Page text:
Evans: Andy was just telling us about the emotional journey of having cancer, that first thing and the effect on the family, can you tell me how that affected you?

Tattersall: At the time I was playing semi-professional hockey, so when I was diagnosed, for months they had put it down to a sporting injury, so when the diagnosis came it was a complete shock. I thought I had my career in the ambulance service, a paramedic, my hockey career, which I would retire when I chose. And in one foul swoop that was all changed.

So the effect on my family was even worse, because I tended to joke my way through it, whereas they were the ones that were coming at home at night time and not knowing exactly what was going on, because obviously I was there and it was happening to me. So they only had my word to go on and the doctors’ word to go on. And I suppose as parents, and for my brother, it’s the last thing that you expect. It really affected our whole family greatly.

Anderson: A lot of family members come to the centre, so last year 40 per cent of the visitors to Maggie’s were family members. And they’re all coming to say, this is upsetting for me, but how can I be the best resource for my husband, my wife, my dad, my sibling, to help them through their experience? Partly so they can come here and name their upset without then upsetting the person with the diagnosis, but also that they can come with more of a constructive approach to be the alongside person through that.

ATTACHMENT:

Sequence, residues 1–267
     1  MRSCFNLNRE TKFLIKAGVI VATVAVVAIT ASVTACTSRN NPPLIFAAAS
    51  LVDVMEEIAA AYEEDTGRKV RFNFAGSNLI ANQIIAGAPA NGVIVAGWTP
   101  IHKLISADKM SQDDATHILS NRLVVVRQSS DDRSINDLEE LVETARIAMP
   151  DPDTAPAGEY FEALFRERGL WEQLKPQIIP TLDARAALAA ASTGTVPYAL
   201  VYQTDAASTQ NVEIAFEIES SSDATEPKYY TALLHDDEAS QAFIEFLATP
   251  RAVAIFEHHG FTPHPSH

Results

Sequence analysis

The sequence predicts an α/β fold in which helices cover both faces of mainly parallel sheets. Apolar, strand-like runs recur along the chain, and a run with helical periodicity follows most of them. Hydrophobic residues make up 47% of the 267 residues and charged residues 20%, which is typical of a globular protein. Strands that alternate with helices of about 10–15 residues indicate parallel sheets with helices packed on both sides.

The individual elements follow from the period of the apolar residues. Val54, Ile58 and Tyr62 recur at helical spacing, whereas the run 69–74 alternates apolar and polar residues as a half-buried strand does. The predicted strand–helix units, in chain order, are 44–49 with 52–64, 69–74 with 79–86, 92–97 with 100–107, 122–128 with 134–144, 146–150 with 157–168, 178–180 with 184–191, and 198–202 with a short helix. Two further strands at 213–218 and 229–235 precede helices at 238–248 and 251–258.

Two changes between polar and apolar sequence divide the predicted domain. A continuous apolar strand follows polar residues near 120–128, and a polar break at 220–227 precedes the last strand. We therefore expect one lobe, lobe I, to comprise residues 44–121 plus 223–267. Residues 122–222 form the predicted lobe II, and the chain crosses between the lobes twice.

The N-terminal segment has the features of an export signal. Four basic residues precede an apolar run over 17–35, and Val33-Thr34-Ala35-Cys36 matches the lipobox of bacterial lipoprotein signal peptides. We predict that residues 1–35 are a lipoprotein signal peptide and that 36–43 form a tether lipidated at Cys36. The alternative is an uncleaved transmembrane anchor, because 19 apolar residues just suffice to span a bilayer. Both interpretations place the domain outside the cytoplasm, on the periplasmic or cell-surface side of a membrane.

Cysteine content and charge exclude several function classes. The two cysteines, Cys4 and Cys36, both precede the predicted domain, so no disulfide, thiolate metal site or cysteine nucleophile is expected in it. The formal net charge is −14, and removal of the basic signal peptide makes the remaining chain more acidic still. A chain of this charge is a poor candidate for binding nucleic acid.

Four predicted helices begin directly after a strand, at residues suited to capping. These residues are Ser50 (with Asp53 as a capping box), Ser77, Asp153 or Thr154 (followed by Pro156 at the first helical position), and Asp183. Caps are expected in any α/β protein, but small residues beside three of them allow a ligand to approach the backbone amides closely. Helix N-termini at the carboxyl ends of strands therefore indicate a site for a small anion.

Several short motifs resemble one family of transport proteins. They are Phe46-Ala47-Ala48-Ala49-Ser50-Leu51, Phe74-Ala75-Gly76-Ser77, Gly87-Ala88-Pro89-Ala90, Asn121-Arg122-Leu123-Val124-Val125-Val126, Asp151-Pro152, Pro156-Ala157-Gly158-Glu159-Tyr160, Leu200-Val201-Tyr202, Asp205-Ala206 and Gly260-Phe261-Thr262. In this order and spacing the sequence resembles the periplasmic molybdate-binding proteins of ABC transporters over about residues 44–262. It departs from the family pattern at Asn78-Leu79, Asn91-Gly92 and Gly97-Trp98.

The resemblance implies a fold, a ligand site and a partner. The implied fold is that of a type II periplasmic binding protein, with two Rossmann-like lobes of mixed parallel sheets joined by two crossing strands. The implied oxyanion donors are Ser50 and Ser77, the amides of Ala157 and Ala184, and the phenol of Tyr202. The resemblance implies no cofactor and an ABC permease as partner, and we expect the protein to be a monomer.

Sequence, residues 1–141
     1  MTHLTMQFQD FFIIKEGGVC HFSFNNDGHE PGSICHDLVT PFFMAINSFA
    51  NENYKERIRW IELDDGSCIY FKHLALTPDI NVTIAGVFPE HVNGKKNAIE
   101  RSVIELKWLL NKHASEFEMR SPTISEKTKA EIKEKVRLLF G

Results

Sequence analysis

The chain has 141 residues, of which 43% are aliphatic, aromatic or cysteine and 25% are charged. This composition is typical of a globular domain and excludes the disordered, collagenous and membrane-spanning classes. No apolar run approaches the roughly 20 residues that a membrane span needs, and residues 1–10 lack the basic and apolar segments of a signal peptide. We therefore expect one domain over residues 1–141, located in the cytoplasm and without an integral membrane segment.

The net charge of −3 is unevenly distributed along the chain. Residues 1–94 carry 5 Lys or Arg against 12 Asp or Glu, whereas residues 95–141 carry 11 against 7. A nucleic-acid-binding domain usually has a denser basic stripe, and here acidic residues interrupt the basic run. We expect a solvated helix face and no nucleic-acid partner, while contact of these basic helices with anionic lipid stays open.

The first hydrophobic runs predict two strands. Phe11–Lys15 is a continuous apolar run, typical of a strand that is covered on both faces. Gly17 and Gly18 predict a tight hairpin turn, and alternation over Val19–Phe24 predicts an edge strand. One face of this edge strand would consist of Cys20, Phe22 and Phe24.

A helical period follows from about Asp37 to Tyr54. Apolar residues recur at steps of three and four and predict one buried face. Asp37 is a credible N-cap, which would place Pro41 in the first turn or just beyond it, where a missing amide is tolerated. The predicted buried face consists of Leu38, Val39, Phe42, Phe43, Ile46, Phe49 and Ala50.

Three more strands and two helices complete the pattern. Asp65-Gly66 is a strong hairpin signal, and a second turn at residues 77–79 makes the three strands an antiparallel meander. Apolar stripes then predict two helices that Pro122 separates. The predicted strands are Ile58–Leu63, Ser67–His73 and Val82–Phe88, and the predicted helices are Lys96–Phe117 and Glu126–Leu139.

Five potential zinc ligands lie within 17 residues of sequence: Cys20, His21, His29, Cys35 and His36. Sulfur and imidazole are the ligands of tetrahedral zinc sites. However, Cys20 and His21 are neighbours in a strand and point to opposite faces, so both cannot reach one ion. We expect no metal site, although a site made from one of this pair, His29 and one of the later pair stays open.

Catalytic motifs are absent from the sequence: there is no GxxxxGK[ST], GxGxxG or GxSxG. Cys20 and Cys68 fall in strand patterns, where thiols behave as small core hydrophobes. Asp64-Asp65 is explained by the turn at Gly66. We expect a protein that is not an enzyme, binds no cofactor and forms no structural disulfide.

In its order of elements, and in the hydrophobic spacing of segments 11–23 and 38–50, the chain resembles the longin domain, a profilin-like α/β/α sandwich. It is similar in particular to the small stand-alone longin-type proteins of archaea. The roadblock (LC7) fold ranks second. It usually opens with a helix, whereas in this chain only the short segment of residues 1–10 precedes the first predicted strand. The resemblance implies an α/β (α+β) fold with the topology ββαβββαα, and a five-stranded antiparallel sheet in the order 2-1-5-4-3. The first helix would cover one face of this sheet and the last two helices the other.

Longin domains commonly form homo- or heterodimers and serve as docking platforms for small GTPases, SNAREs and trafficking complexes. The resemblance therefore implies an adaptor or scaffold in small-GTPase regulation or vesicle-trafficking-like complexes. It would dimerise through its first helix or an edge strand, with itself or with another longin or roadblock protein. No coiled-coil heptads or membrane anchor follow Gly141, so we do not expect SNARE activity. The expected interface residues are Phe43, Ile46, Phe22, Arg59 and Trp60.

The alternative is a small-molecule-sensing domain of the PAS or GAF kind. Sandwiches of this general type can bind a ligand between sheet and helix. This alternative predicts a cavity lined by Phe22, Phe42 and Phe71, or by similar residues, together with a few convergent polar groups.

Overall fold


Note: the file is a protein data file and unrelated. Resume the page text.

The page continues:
We try often to provide support separately, but quite often we’re supporting families as a whole family as well. Yesterday I met eight members of a family who came together to think about how the mum could be best supported by the parents, the siblings and the children, and it was a really constructive conversation.

Evans: What did you tell them?

Anderson: So some of it is knowing that cancer is something that can be spoken about, being honest and being real, trying not to obscure your own emotional response, speaking about your emotional response and being honest as a family about that. So each person having a responsibility to account for their own needs, but also some of the family members stepping up to the mark a bit more.

So the mum in this situation was the rock of the family, but also the chief cook, the chief bottle washer, the chief cleaner upper. So some of the children’s role was actually to step up to the mark and make sure they picked up their socks. Some of it also was parents knowing what would be valuable in terms of chauffer servicing, in terms of providing pre-cooked meals, but also being there as that resilient emotional support for the individual affected.

Evans: Did the cancer define you as a person?